Help Please - Video editing specs, is a 2010 Mac Pro the right choice?

Discussion in 'Mac Pro' started by DietCoke, Mar 16, 2011.

  1. DietCoke macrumors newbie

    Joined:
    Mar 16, 2011
    #1
    Just a little background. I produce videos for a website on a regular basis in a professional role using Panasonic DVCproHD footage from P2 cards and the occasional 7D DSLR footage. I am also looking at adding a Panasonic AF101 in the next year which is AVCHD I believe.
    I have been using Adobe Premiere Pro CS5 (along with AE, SB etc) and we recently spec'd a very good PC with 24gb ram, i7 980X, 250GB SSD work drive, 2TB storage, 130Gb boot drive. Graphics card is a 2gb Nvidia Quadro 5000 which works with the mercury engine. It was a custom built machine and has never worked without numerous crashes since we got it. It has been back and forth with the supplier since new and the numerous crash issues have never been resolved. They were also never consistant so it was a battle. This would have been bad enough but we also commisioned a laptop at the same time for mobile editing which has had almost exactly the same issues which points to a vendor issue to me.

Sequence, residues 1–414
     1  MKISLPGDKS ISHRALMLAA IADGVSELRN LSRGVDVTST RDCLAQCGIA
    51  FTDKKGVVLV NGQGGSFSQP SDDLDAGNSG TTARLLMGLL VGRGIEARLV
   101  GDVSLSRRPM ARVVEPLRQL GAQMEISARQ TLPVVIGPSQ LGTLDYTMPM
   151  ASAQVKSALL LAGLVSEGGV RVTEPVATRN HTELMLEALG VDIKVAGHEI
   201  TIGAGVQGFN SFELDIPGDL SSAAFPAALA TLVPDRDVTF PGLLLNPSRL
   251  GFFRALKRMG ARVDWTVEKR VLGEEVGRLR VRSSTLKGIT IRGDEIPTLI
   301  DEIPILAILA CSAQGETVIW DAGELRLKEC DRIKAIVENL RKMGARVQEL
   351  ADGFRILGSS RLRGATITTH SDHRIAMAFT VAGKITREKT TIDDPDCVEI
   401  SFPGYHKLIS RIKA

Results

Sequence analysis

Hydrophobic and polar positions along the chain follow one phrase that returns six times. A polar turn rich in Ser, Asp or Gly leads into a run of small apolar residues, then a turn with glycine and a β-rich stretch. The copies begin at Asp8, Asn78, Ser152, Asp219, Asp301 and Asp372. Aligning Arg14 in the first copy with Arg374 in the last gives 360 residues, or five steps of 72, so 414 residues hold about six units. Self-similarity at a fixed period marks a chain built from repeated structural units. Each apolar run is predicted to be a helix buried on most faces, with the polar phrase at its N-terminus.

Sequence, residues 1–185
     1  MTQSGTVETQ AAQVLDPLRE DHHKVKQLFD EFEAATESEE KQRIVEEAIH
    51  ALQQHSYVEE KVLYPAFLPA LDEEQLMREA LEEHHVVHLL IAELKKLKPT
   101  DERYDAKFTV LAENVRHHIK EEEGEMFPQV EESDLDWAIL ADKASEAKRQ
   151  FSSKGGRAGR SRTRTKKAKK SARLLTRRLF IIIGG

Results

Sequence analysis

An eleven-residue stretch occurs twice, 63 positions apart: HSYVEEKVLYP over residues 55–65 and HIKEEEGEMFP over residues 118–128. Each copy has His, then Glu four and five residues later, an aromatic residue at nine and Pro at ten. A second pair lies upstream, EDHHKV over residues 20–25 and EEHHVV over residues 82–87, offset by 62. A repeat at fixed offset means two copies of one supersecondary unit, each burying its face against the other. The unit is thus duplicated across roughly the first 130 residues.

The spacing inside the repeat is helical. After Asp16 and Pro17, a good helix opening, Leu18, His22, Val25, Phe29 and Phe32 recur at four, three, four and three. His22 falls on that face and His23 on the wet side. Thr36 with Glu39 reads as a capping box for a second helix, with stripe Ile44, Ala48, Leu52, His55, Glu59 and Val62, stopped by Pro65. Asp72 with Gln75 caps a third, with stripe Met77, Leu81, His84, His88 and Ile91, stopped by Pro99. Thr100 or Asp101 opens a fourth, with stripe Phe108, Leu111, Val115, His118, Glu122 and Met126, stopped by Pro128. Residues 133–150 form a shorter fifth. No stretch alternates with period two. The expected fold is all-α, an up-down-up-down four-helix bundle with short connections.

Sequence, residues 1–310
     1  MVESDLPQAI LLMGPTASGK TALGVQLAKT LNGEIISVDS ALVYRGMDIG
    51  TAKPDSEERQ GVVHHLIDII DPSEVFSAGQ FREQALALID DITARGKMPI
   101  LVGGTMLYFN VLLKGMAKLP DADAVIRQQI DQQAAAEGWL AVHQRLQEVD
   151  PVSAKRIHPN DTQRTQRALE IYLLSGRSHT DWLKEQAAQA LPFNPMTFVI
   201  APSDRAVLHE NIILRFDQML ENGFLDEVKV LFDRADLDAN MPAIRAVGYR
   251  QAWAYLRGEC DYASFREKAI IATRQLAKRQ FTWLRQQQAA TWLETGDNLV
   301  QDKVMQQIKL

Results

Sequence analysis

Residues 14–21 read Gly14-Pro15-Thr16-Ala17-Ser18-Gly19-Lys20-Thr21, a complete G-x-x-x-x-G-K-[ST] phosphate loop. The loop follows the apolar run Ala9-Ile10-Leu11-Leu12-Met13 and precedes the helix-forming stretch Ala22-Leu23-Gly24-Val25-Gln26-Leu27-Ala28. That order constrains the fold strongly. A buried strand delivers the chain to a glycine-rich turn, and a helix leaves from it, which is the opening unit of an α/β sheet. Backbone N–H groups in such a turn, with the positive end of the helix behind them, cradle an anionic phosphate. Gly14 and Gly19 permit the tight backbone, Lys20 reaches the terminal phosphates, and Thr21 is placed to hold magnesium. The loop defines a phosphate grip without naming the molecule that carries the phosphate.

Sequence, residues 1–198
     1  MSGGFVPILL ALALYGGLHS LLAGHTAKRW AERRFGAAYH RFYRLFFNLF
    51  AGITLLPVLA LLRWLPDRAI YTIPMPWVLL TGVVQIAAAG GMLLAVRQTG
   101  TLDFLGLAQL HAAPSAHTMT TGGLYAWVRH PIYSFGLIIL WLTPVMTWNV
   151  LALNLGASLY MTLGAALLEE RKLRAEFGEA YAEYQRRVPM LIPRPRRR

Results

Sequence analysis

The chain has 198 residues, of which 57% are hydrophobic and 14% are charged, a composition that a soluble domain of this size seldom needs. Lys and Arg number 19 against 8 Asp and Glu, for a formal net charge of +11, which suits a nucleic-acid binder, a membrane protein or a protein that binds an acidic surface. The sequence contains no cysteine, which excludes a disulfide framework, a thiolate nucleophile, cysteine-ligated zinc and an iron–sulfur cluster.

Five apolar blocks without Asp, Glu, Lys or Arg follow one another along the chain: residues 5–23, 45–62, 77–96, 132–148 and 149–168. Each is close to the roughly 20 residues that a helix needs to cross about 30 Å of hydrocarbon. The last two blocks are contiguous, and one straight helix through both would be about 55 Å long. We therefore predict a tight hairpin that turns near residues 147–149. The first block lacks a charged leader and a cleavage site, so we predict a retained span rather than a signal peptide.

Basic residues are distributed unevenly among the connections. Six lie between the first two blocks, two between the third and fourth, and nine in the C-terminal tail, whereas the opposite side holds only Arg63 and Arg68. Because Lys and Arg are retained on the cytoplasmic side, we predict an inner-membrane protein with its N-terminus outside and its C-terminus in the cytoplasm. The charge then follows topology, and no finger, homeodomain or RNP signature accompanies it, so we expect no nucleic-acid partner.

Anyway, we want to get rid of these machines back to the supplier as unfit for use and are looking for new solutions. That may be another custom PC from another vendor, or it could be an Apple solution, I have no issues with either and I am not a PC or Mac fanboy, I just want a machine that will do what I need and without constant crashing or other issues.

    All the people I have asked so far for opinion have said, get a MAC, so what do you think? What kind of Spec should I look at? and any members who work with Pro video, what would you suggest? I am open to all help I can get and as I have said would like some ideas from fellow Video pros ideally, but open to all experiences and opinions. And would a 15-inch spec'd MBP be good enough for on the road production with premiere?